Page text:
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Bana Alabed, 7, caught the world's attention when her mother, Fatema, began tweeting about the family's life in Syria.

Like most kids, Bana likes to read, dress up her dolls, and play with her little brothers.

But Bana's life is different than most kids. She lives in Aleppo, where she hears bombs daily. She's already seen friends die and often wonders if she's next.


Bana is just one of 8.4 million kids affected by the Syrian civil war.

Nearly 500,000 children live in regions of Syria still under siege, including close to 100,000 in eastern Aleppo alone.

2.6 million children are no longer in school, and more than 2.5 million are living as refugees, many on the run or in temporary camps.

"In short, no place today is safe for Syria’s children,” UNICEF regional chief Peter Salama told the Associated Press.

To further illustrate the gravity of the situation for Syria's kids, cartoonist Andy Warner drew a powerful comic.

Comics by Andy Warner, used with permission.

To keep this generation from being forgotten, education and aid are key. Even halfway around the world, there are lots of ways to help.

The Chicago-based Karam Foundation is working all around the world to support this mission. The group provides creative therapy and holistic wellness resources for displaced Syrian kids, helps teen refugees take part in community leadership programs, rebuilds schools damaged by bombs, and transports displaced kids to and from schools in Turkey.

Groups like UNICEF and Hand in Hand for Syria are on the ground too, doing everything they can to help kids get educated.

To keep the good going, volunteering with, supporting, or signal-boosting the work of these organizations is vital.

Kids like Bana can't wait.

A breastfeeding mother's experience at Vienna's Schoenbrunn Zoo is touching people's hearts—but not without a fair amount of controversy.

Gemma Copeland shared her story on Facebook, which was then picked up by the Facebook page Boobie Babies. Photos show the mom breastfeeding her baby next to the window of the zoo's orangutan habitat, with a female orangutan sitting close to the glass, gazing at them.

"Today I got feeding support from the most unlikely of places, the most surreal moment of my life that had me in tears," Copeland wrote.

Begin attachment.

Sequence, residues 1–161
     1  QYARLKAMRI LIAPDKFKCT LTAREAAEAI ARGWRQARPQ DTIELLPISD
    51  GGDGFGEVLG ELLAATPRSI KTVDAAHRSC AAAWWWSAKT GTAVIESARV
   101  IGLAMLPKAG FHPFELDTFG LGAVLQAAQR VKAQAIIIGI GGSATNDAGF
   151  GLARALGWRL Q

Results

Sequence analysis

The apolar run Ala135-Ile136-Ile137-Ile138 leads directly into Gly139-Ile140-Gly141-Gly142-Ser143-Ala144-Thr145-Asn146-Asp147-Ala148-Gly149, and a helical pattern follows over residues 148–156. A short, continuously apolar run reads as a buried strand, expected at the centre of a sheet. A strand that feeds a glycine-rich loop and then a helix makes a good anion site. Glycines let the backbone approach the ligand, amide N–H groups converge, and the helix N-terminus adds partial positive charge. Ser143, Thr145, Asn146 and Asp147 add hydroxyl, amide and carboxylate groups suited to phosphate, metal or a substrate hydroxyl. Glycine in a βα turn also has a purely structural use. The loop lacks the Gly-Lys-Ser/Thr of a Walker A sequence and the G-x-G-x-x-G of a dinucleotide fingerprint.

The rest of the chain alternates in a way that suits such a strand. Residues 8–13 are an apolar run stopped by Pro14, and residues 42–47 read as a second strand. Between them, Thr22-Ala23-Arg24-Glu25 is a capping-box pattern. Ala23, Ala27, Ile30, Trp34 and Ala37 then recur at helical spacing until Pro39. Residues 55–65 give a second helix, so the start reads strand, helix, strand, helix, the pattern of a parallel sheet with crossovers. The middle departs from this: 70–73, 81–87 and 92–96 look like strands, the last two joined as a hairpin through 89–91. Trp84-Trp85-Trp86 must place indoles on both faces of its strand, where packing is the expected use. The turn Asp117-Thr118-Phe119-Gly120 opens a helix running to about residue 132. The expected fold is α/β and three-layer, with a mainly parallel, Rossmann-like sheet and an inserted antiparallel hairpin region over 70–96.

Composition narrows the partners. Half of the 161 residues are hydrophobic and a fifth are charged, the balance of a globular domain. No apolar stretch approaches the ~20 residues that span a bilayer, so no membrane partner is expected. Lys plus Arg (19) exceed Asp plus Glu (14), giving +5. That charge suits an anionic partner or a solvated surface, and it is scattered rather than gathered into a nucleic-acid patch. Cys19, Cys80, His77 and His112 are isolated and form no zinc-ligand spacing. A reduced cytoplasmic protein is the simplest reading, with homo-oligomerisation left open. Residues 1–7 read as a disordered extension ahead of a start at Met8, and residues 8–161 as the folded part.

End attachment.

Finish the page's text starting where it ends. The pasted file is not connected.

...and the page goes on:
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It's a cat toy, people. Deal with it.

Kids have relentless curiosity and imagination galore. That magical quality often catches adults off guard in the most hilarious of ways.

Tennis pro Serena Williams recently posted a video to her TikTok showing her 5-year-old daughter Olympia (who is the spitting image of her mother, by the way) playing with a “toy” for their cat Karma.

By “toy,” I mean a tampon.


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She's enjoying the big benefits of some simple life hacks.

James Clear’s landmark book “Atomic Habits: An Easy & Proven Way to Build Good Habits & Break Bad Ones” has sold more than 9 million copies worldwide. The book is incredibly popular because it has a simple message that can help everyone. We can develop habits that increase our productivity and success by making small changes to our daily routines.

"It is so easy to overestimate the importance of one defining moment and underestimate the value of making small improvements on a daily basis,” James Clear writes. “It is only when looking back 2 or 5 or 10 years later that the value of good habits and the cost of bad ones becomes strikingly apparent.”

His work proves that we don’t need to move mountains to improve ourselves, just get 1% better every day.

Most of us are reluctant to change because breaking old habits and starting new ones can be hard. However, there are a lot of incredibly easy habits we can develop that can add up to monumental changes.

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